Show ContentsLeask History, Family Crest & Coats of Arms

The ancestors of the Leask family were part of an ancient Scottish tribe called the Picts. They lived in the old lands of Leask, which were in the parish of Slains in Aberdeen; this place is now called Pitlurg. The surname Leask belongs to the category of habitation names, which are derived from pre-existing names for towns, villages, parishes, or farmsteads.

Early Origins of the Leask family

The surname Leask was first found in Aberdeenshire (Gaelic: Siorrachd Obar Dheathain), a historic county, and present day Council Area of Aberdeen, located in the Grampian region of northeastern Scotland, where they held a family seat. William de Laskereske was listed on the Ragman Rolls and rendered homage to King Edward I of England in 1296. Following this early entry, William of Lask, dominus ejusdem, was granted a yearly gift of a pound of wax, from his land of Logy iuxta Elone, to the church of St. Mary of Ellon in 1380. A relative of his, Thomas de Lask or Laysk was a baillie (equivalent to a court bailiff) in the barony of Fyndon in 1390 and in 1391, he witnessed a charter by the Earl of Orkney, Henry St. Clair. [1]

Early History of the Leask family

This web page shows only a small excerpt of our Leask research. Another 322 words (23 lines of text) covering the years 1405, 1413, 1445, 1438, 1461, 1963, 1968, 1438 and 1445 are included under the topic Early Leask History in all our PDF Extended History products and printed products wherever possible.

Leask Spelling Variations

In medieval Scotland, names were more often spelled according to sound than any regular set of rules. An enormous number of spelling variations were the result. Over the years, the name Leask has been spelled Leask, Laysk, Laisk, Lask, Lowsk, Lowask and others.

Early Notables of the Leask family (pre 1700)

Another 31 words (2 lines of text) are included under the topic Early Leask Notables in all our PDF Extended History products and printed products wherever possible.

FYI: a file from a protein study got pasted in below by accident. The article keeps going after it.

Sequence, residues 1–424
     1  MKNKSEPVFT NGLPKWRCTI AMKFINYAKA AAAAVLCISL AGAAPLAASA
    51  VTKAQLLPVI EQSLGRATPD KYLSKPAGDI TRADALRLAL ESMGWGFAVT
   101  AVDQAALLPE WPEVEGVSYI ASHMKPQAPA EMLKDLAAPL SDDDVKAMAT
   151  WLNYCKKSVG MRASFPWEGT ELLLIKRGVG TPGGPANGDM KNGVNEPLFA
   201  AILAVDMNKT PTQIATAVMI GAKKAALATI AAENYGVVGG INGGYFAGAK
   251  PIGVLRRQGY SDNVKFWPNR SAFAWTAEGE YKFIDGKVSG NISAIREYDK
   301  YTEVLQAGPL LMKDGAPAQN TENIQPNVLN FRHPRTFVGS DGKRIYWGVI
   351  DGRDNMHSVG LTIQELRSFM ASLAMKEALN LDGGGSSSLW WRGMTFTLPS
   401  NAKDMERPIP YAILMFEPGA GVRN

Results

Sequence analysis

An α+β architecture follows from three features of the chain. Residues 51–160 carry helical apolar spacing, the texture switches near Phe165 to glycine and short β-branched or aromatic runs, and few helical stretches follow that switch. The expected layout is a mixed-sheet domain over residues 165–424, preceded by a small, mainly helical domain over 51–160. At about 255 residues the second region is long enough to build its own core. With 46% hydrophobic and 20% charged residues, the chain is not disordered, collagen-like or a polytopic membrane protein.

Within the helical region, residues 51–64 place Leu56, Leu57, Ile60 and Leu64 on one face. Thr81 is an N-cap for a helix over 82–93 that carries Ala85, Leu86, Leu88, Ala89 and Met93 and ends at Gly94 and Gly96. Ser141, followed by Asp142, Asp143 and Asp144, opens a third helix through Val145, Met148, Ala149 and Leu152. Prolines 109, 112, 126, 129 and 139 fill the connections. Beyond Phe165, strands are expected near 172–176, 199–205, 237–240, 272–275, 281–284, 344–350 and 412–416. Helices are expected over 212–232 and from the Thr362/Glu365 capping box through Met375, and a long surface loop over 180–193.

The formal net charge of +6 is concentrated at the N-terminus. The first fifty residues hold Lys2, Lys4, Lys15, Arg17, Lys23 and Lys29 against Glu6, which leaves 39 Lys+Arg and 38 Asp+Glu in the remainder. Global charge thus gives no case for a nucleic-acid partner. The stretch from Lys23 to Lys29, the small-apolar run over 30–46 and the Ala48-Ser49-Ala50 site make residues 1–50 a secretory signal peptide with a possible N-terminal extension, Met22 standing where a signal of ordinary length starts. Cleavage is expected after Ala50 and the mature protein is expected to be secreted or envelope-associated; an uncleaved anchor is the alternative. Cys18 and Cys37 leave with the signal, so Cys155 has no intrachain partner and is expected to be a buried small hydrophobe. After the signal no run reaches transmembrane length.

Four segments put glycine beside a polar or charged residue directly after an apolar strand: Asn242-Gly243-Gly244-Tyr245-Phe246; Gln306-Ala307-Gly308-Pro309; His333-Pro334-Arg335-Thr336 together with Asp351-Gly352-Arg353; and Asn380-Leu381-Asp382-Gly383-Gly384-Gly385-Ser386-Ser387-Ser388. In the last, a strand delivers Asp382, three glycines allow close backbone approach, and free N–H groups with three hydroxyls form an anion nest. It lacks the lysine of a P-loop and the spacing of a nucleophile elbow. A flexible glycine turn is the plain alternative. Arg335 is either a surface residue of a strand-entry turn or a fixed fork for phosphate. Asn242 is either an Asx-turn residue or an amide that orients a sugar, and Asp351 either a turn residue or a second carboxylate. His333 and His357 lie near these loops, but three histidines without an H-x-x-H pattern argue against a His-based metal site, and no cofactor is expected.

United States Leask migration to the United States +

In such difficult times, Ireland, Australia, and North America looked like better homes for many Scots. The trips were expensive and grueling, but also rewarding, as the colonies were havens for those unwelcome in the old country. That legacy did not die easily, though, and many were forced to fight for their freedom in the American War of Independence. The Scottish legacy has resurface in more recent times, though, through Clan societies, highland games, and other organizations. Immigration and passenger lists have shown many early immigrants bearing the old Scottish name of Leask:

Leask Settlers in United States in the 19th Century
  • William Leask, aged 4, who arrived in America from Stirling, in 1892
Leask Settlers in United States in the 20th Century
  • Thomas Leask, aged 19, who arrived in America from Aberdeen, Scotland, in 1907
  • E. M. Leask, aged 35, who arrived in America, in 1908
  • Jack Leask, aged 4, who arrived in America from Felling on Tyne, England, in 1910
  • Annie Leask, aged 32, who arrived in America from Felling on Tyne, England, in 1910
  • Catherine Leask, aged 1, who arrived in America from Felling on Tyne, England, in 1910
  • ... (More are available in all our PDF Extended History products and printed products wherever possible.)